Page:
The recent Sacramento Metropolitan Chamber of Commerce Cap-to-Cap event had all of the logistical challenges of a major military campaign. Three hundred or so Sacramentans camped out in the Washington, D.C., Mayflower Hotel, conducting strategic guerrilla-like forays into the great Washington government bureaucracy, trying to negotiate much-needed federal aid and support. These troops needed to be fed, housed and entertained.
I’ve been going to Cap-to-Cap for the last seven years. These trips are overwhelming, like a four-day chamber of commerce mixer. They are an annual tradition, complete with their own folklore. Rookies have distinct badges, so the veteran attendees can help them with the rituals. For a brief four days, we put aside our disagreements and unite around the common belief that more Washington money should come to Sacramento. For four days, these 300 men and women all gear up for battle in their dress suits. While we are effective at bringing home the federal dough, we also get a chance to spend quality time with our fellow business and political leaders of Sacramento.
Now that I have made many annual migrations to our national capital, it becomes easier to compare and contrast the ever-changing Washington mood. On my first trip, just after President Barack Obama had been elected, there was hope—and Obama souvenirs everywhere. After the tea party wins in 2010, there was the nasty gridlock. When the country was deciding between Obama and Mitt Romney, there was the sense that nothing could be done. And since 2012, there has been an ever-increasing political polarization.
And now on this trip, as you can imagine, there was a new and very different Washington vibe. First, the Obama administration is trying to complete its legacy. It’s a legacy the administration feels very good about, for good reason. The country was in the worst economic crisis since the Depression and it was able to restore the economy despite having to fight ongoing political battles with the Republicans. The Obama team passed the Affordable Care Act, and dramatically improved our relations with countries around the world. Historians will look kindly on the Obama administration.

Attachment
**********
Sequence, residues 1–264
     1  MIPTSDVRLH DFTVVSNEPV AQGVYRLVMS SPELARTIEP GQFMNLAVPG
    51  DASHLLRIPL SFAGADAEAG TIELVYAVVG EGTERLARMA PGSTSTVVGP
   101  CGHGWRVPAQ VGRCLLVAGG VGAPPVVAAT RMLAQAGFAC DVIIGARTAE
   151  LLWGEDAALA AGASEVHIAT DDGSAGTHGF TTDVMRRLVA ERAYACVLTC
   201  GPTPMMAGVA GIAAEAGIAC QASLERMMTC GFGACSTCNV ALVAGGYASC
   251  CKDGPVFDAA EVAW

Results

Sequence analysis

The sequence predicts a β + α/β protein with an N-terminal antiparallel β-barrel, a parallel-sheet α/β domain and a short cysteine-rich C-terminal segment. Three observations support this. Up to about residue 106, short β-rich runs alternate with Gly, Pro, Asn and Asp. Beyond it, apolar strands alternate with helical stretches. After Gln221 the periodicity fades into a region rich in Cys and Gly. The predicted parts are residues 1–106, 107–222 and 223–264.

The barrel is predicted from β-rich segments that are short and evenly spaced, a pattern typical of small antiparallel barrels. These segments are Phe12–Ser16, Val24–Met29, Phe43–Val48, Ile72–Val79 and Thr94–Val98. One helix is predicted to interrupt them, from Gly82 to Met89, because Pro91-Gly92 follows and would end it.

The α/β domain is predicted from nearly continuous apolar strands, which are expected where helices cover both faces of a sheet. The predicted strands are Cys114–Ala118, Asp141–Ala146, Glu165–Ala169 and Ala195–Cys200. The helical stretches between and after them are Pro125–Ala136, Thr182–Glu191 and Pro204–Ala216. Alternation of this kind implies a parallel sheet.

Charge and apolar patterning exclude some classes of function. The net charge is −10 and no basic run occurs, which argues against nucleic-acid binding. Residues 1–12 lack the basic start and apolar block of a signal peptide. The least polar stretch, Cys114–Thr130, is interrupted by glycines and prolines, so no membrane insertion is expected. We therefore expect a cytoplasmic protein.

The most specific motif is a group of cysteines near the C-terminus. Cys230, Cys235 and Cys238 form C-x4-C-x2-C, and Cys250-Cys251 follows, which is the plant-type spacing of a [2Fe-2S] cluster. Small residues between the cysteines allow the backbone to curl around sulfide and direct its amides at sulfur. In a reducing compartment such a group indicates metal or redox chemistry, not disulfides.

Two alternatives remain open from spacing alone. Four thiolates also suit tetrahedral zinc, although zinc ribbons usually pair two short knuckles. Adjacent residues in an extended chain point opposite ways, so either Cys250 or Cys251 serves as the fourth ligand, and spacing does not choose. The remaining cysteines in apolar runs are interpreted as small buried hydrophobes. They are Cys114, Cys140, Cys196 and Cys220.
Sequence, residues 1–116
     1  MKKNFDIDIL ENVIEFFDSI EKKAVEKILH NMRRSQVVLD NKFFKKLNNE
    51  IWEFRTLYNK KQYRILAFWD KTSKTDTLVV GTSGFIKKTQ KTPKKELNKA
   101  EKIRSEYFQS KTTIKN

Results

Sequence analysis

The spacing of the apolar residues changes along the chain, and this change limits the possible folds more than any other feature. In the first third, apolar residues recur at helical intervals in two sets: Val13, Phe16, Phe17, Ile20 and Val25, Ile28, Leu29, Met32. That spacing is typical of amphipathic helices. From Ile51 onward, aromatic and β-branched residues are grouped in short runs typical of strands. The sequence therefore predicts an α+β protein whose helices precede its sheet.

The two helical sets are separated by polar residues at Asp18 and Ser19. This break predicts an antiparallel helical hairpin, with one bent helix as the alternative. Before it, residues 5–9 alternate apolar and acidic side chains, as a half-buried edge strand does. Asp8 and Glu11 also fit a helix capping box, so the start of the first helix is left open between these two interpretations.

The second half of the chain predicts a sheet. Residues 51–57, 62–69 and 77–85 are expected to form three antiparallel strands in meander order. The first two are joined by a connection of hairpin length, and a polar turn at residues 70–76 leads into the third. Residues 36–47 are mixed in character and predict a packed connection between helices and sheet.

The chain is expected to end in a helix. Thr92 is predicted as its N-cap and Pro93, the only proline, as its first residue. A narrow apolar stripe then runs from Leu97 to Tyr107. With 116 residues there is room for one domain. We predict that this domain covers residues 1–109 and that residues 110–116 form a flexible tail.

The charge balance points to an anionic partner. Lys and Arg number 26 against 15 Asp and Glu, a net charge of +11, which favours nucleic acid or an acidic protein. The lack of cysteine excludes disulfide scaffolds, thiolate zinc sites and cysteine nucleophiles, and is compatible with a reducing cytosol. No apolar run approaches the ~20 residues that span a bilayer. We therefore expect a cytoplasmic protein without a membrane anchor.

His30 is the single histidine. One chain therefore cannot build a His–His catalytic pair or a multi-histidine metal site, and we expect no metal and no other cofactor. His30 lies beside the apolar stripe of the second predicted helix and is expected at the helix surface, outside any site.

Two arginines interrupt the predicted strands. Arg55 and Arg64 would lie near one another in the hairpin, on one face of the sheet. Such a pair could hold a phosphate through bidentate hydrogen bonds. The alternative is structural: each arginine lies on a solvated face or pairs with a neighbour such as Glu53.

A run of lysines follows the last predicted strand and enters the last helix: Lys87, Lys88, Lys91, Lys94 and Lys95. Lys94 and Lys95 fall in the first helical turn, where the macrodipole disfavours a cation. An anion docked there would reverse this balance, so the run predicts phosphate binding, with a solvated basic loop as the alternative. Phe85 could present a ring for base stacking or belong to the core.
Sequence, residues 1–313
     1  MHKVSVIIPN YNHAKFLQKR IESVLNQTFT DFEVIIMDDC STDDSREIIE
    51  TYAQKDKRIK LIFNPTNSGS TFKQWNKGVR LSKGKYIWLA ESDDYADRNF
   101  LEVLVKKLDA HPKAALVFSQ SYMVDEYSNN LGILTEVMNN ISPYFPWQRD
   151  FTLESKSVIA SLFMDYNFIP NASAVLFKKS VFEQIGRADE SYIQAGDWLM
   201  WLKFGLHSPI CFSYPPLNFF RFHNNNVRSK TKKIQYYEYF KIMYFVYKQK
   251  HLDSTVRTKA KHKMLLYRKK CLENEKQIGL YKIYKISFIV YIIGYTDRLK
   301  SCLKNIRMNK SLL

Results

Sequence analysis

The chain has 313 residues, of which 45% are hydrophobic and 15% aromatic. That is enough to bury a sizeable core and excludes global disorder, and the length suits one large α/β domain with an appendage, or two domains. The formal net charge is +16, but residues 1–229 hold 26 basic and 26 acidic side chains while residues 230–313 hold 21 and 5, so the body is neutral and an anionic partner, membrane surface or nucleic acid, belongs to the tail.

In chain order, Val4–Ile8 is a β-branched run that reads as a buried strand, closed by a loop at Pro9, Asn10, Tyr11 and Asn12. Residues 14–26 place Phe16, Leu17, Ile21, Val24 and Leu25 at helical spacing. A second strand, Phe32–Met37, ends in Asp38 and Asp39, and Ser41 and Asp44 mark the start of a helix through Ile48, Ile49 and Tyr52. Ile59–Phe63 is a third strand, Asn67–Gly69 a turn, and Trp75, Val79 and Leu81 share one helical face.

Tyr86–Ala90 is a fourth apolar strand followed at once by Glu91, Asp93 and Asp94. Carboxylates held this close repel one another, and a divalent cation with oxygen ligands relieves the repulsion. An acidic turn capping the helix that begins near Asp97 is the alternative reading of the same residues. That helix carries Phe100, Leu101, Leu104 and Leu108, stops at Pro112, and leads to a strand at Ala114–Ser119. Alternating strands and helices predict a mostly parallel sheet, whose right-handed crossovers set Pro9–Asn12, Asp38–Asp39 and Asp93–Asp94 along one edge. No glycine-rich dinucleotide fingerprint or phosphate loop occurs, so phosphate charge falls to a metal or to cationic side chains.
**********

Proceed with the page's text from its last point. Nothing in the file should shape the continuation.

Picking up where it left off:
And then there is Donald Trump. And there is Ted Cruz. And the thousands of political experts who never in a million years thought the Republican Party would be choosing between these two knuckleheads. It is like being weather forecasters who believe they know weather, and then one summer day, Los Angeles is buried in five feet of snow. It is hard not to lose confidence. And the experts have lost confidence. We are in uncharted waters, and you can feel this throughout Washington.
While on this trip, I asked numerous Republican Sacramento chamber members who they were supporting in the June primary. I thought it was a reasonable question. After all, the primary is just a few weeks away. Not one person identified a candidate. Each gave me a look that implied an upset stomach. It is going to be an interesting election and could be a major realignment of the parties.
I am looking forward to the 47th chamber trip to Washington, which will be held next spring. It is safe to say there will be a new vibe in our national capital.